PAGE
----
Layered double hydroxide (LDH) nano‐ and microstructures with controllable size and morphology have been fabricated on “bivalent metal” substrates such as zinc and copper by a one‐step, room‐temperature process, in which metal substrates act as both reactants and supports. By manipulating the concentration of NH3 · H2O, the thickness and lateral size of the LDH materials can be tuned from several tens of nanometers to several hundreds of nanometers and from several hundreds of nanometers to several micrometers, respectively. This method is general and may be readily extended to any other alkali‐resisted substrate coated with Zn and Cu. As an example, Zn‐covered stainless steel foil has been shown to be effective for the growth of a ZnAl LDH film. After calcinating the as‐grown LDH at high temperature (650 °C) in argon gas, a ZnO/ZnAl2O4 porous nanosheet film is obtained, which is then directly used for the first time as the anode material for Li‐ion batteries with the operating voltage window of 0.05–2.5 V (vs. Li). The result demonstrates that ZnO/ZnAl2O4 has higher discharge and charge capacities and considerably better cycling stability compared to pure ZnO (Li insertion/extraction rate: 200 or 500 mA g−1). The improved electrochemical performance can be ascribed to the buffering effect of the inactive matrix ZnAl2O4 by relieving the stress caused by the volume change during charge–discharge cycling. This work represents a successful example for the development of promising ZnO‐based anode materials for Li‐ion batteries.
Bi2WO6 uniform hierarchical microspheres were grown on a large scale at 180 °C by a simple hydrothermal method
with the help of the surfactant poly(vinyl pyrrolidone) (PVP). X-ray diffraction (XRD), scanning electron microscopy (SEM),
transmission electron microscopy (TEM), and high-resolution transmission electron microscopy (HRTEM) were used to characterize
the product. The result indicated that three-dimensional (3D) Bi2WO6 microspheres were constructed layer-by-layer from a large
number of two-dimensional (2D) sheets, which were composed of numerous interconnected square nanoplates with a mean side
length of 65 nm. Pore-size distribution analysis showed that both mesopores and macropores existed in the 3D microstructures. The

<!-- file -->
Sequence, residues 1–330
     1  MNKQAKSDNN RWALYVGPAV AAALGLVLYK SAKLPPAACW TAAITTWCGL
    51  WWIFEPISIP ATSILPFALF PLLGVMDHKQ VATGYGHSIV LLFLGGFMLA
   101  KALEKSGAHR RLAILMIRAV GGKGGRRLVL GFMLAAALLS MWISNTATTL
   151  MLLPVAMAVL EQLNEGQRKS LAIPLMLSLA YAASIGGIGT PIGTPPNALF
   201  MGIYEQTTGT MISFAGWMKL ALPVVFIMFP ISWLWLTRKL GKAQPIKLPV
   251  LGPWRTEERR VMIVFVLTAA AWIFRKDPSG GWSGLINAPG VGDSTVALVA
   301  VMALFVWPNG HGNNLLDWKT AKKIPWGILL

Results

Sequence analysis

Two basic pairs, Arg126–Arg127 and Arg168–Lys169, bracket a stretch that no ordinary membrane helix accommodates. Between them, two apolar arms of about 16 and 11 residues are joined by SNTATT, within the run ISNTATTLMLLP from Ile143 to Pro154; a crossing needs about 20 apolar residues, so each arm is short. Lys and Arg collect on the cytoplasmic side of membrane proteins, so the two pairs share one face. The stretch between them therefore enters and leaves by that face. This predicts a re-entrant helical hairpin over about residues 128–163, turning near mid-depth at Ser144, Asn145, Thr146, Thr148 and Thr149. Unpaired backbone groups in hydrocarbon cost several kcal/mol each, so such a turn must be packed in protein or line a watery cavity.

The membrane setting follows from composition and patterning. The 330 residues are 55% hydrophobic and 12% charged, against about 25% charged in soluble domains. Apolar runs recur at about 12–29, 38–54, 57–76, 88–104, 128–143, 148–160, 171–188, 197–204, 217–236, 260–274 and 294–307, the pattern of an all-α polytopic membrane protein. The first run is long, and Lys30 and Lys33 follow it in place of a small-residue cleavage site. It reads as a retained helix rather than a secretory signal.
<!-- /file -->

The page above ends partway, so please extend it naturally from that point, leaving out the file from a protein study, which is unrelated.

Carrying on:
formation mechanism was discussed on the basis of the results of time-dependent experiments. It was demonstrated that PVP played
a key role in the formation of such hierarchical microspheres. By adjusting the amount of PVP, Bi2WO6 with different morphologies
can be attained accordingly. UV−vis spectroscopy was further employed to estimate the band gap energy of the hierarchical structures.
Our work may shed some light on the design of other well-defined complex nanostructures, and the as-grown architectures may
have potential applications.
Acoustic lenses find applications in various areas ranging from ultrasound imaging to nondestructive testing. A compact-size and high-efficient planar acoustic lens is crucial to achieving miniaturization and integration, and should have deep implication for the acoustic field. However its realization remains challenging due to the trade-off between high refractive-index and impedance-mismatch. Here we have designed and experimentally realized the first ultrathin planar acoustic lens capable of steering the convergence of acoustic waves in three-dimensional space. A theoretical approach is developed to analytically describe the proposed metamaterial with hybrid labyrinthine units, which reveals the mechanism of coexistence of high refractive index and well-matched impedance. A hyperbolic gradient-index lens design is fabricated and characterized, which can enhance the acoustic energy by 15 dB at the focal point with very high transmission efficiency. Remarkably, the thickness of the lens is only approximately 1/6 of the operating wavelength. The lens can work within a certain frequency band for which the ratio between the bandwidth and the center frequency reaches 0.74. By tailoring the structure of the metamaterials, one can further reduce the thickness of the lens or even realize other acoustic functionalities, opening new opportunity for manipulation of low-frequency sounds with versatile potential.